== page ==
Wildlife Increasingly Confused By Blurring Of The Seasons Thanks To Climate Change

The rhythm of the seasons in Britain "plunged into chaos" in 2017, threatening wildlife and potentially killing whales and other animals, the National Trust has warned.

According to the heritage charity, which manages over 250,000 hectares of countryside, the weather in 2017 was hotter overall and the seasons were more poorly demarcated, making for unusual behavior patterns among animals and new challenges for ecosystems.

An Atlantic Puffin holds a mouthful of sand eels on the island of Skomer, off the coast of Pembrokeshire, Wales July 18, 2017. Rebecca Naden/Reuters

"Looking at the bigger picture, 2017 has been one of—if not the hottest—years ever, and that's led to more unusual occurrences in the natural world, globally and here in the U.K.," said Matthew Oates, a nature expert at the Trust.

"At times, it feels like the seasons are becoming less distinctive, and that makes it extremely difficult to predict how nature will react.

"Certain species are good at adapting, which is great, whereas others are struggling—some of them badly.

"We need to give wildlife the space, time and where necessary, the support it needs, not only to survive, but to thrive."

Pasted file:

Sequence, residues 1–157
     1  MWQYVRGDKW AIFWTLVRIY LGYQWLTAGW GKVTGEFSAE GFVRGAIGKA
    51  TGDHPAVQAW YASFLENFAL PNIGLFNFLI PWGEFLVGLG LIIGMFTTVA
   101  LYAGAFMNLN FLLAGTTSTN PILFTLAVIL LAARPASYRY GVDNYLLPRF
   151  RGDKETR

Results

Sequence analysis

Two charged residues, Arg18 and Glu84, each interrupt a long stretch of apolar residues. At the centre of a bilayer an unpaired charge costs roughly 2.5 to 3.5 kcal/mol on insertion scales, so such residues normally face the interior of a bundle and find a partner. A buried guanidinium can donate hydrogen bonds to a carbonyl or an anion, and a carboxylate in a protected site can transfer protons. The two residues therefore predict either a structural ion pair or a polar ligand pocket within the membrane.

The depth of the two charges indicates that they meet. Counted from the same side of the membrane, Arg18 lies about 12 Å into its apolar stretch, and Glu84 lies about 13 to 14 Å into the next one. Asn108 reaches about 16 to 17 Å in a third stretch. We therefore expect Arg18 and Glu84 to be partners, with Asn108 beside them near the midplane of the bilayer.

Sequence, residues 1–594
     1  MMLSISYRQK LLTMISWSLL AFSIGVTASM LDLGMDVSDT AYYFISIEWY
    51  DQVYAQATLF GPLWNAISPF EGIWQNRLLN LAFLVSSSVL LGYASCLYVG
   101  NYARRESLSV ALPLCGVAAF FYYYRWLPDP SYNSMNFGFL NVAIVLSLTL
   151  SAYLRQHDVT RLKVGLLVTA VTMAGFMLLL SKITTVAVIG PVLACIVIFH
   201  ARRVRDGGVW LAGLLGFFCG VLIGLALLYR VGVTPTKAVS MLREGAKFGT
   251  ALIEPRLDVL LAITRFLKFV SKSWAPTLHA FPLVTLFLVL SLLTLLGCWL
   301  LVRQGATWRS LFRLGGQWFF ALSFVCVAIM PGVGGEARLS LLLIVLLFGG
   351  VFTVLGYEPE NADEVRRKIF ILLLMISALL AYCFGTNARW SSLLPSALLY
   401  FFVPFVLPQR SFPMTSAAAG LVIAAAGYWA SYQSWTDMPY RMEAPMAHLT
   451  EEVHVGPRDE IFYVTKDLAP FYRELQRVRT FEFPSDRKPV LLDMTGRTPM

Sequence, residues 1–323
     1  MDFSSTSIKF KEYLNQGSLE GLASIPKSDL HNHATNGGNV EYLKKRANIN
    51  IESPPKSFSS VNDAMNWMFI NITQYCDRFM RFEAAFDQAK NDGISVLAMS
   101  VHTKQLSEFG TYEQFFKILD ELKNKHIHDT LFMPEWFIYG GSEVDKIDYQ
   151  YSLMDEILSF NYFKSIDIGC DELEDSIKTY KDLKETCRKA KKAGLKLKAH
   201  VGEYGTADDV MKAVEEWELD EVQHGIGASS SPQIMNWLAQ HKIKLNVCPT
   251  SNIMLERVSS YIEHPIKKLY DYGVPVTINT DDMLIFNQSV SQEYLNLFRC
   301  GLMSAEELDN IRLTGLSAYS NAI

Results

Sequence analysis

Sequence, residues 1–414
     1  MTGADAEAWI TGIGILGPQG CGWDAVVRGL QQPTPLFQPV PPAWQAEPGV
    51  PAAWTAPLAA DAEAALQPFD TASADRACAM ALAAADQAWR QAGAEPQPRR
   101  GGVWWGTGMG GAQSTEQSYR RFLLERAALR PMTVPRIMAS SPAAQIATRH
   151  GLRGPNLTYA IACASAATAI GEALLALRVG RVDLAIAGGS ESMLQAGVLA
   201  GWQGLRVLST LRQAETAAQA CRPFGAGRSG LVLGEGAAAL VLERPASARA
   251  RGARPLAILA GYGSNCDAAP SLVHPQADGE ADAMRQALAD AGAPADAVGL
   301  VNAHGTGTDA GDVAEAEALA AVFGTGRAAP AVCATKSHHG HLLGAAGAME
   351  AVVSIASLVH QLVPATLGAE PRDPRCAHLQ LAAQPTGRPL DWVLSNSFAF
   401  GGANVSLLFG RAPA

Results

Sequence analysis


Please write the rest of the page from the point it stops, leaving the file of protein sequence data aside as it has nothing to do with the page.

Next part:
The Trust said that relatively warm conditions early in the year combined with a damp summer led to "rampant vegetation growth," which "can be damaging for small annual plants, many insects and reptiles."

A "dry and mild" winter meant that amphibians registered a low spawn count, the trust said, while early signs of a good summer were then dashed with an extremely wet August, meaning that "many winged creatures" were killed, according to the Trust's research.

And, a Trust statement said, "Warmer waters have also caused squid and anchovies to return to UK seas, and are cited as a reason why several minke whales were found dead off the Suffolk coast."

Meanwhile Storm Ophelia, which hit Britain hard in October, saw thousands of giant Portuguese Man O' War beached on British shores, in what the Trust refers to as the "biggest infestation of the jellyfish-like creatures since 2003."

However, the Trust pointed out that some wildlife did well out of the unusual weather patterns. Among the benefits noted were "a prolific year for fungi" and a strong Autumn harvest of fruits, nuts and seeds.

Oates said, "These days, there are huge discrepancies between the winners and losers in the natural world.

"I'm extremely worried about some species—especially some of our insects and our native ash trees—but also buoyed by success stories that emerge at our places each year."